Rotary Happenings: Rotary hears from Harry Chapin Food Bank official
The Sanibel-Captiva Rotary Club’s guest speaker on April 12 was Richard LeBer, president and chief executive officer of the Harry Chapin Food Bank of Southwest Florida. LeBer started his presentation with these statistic: “The Harry Chapin Food Bank headquartered in Fort Myers and serving Charlotte, Collier, Glades, Hendry and Lee counties provides food for about 28,000 individuals each week. It distributes 24 million pounds of food, which equates to 20 million meals, a total value of $41.5 million each year. The food bank rescues, inspects, transports and distributes donated food and other grocery products to more than 250 partner agencies including F.I.S.H. here on Sanibel that provide direct services to those in need. Partner agencies include church food pantries, soup kitchens, emergency shelters, disaster relief agencies and more.”
The Harry Chapin Food Bank is one of a group of stand-alone food bank operations across the nation that belong to the National Association of Food Banks. Harry Chapin and its servicing partners provide food possibly to people you encounter every day. Right here in our neighborhood, we have people working in the shops, restaurants, schools and hotels who are barely scraping by. With the help of distributing agencies such as soup kitchens, children’s food programs, residential programs, homeless shelters, AIDS programs, and senior programs; people who cannot afford to buy enough food to maintain good health are served. They say that many Americans across our nation are just a paycheck away from poverty.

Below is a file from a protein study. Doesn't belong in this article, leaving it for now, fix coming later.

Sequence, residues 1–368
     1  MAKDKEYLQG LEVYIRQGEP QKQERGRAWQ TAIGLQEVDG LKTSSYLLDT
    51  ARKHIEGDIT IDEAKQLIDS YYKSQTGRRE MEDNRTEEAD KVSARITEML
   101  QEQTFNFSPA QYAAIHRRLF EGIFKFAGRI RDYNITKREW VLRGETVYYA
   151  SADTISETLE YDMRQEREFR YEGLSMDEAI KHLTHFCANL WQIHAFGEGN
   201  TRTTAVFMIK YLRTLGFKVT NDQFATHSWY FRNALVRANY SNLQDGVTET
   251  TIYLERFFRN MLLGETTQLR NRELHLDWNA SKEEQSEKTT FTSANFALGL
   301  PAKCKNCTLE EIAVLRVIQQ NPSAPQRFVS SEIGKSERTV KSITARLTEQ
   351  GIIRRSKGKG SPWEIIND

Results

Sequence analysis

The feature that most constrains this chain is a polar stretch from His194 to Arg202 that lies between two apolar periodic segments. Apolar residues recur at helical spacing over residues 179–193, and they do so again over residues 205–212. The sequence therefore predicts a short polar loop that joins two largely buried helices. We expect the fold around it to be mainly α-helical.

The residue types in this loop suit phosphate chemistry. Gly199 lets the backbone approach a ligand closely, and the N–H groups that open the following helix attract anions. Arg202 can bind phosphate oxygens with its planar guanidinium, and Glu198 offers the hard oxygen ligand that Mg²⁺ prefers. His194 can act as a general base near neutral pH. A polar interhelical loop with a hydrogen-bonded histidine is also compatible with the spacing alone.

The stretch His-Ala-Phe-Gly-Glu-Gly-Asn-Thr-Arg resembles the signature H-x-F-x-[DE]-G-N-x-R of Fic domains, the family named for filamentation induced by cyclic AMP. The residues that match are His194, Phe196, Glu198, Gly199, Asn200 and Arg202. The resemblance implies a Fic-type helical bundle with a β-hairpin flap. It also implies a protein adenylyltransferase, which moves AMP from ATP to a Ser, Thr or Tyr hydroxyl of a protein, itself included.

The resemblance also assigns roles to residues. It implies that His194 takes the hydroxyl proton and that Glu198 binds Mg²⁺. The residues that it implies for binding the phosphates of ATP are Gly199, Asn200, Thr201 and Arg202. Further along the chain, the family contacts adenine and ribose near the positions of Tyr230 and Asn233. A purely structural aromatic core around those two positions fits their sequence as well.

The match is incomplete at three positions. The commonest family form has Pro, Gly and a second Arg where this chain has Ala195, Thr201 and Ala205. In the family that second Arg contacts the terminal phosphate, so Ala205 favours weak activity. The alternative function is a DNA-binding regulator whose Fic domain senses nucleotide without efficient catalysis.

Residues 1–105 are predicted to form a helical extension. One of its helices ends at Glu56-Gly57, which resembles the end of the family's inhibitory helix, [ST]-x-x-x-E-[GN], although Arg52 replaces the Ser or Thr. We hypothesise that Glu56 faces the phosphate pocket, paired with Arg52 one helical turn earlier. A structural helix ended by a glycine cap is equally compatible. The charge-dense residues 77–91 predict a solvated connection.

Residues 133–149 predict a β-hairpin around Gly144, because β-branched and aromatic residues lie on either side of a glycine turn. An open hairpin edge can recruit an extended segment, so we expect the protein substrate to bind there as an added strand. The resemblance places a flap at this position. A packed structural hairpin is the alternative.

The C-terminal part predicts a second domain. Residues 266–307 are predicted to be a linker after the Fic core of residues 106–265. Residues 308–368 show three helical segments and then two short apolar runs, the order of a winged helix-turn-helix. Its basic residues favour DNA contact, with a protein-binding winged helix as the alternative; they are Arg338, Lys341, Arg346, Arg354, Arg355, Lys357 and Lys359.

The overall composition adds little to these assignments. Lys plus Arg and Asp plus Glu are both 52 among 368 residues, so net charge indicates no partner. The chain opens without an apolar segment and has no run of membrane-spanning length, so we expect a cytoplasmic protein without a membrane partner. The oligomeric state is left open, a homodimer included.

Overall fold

People are in this situation in Florida and across America. The cost of housing in our communities are high, food costs, medical expenses, gas prices fluctuate, utility bills, et cetera fixed expenses must be paid first. Food becomes the only area from which you can cut costs. Anyone is vulnerable life happens accidents and medical emergencies, divorce, natural disasters, job layoffs or loss of jobs, temporary government shutdowns with income disruptions can happen. Any of these events can throw families into a financial crisis.
Hunger has consequences declining health, impaired mental judgement, lack of energy, behavioral problems, depression, isolation, and shame. According to a recent study, “Because childhood represents such a critical period in human development, the long-term impact of hunger on children can be extremely detrimental.” Harry Chapin and its partnering agencies service children in a plethora of ways with 10 school pantries, backpack programs, summer feeding programs, nutrition education, mobile neighborhood pantries and more. Since 2017, the Care & Share Senior Program supplements the diets of 2,300 low-income seniors through the five counties serviced by the Harry Chapin Food Bank.
During 2018 the Harry Chapin Food Bank and partnering resources Publix, Feed America, Walmart, Panera Bread, United Way, WINK Feeds Families, Feeding Florida, News-Press and additional food resources have provided 24.1 million pounds of food to the Chapin’s food distribution area. Food comes from growers, producers, distributors, retailers, and community food drives. Its goal is to provide 48 million pounds within five years. The need is there, and the goal is set.
Donated dollars help to provide storage, transport vehicles for pickup and delivery of food, transport fuel costs, drivers, and extremely small administrate costs. Last year, the Sanibel-Captiva Rotary joined other clubs in District 6960 to help purchase a refrigerated truck for the Harry Chapin Food Bank.
For information about the Sanibel-Captiva Rotary Club, visit sanibelrotary.org or www.facebook.com/sancaprotary. The club meets every Friday at 7 a.m. at the Dunes Golf and Tennis Club, at 949 Sand Castle Road, Sanibel; visitors are welcome to attend.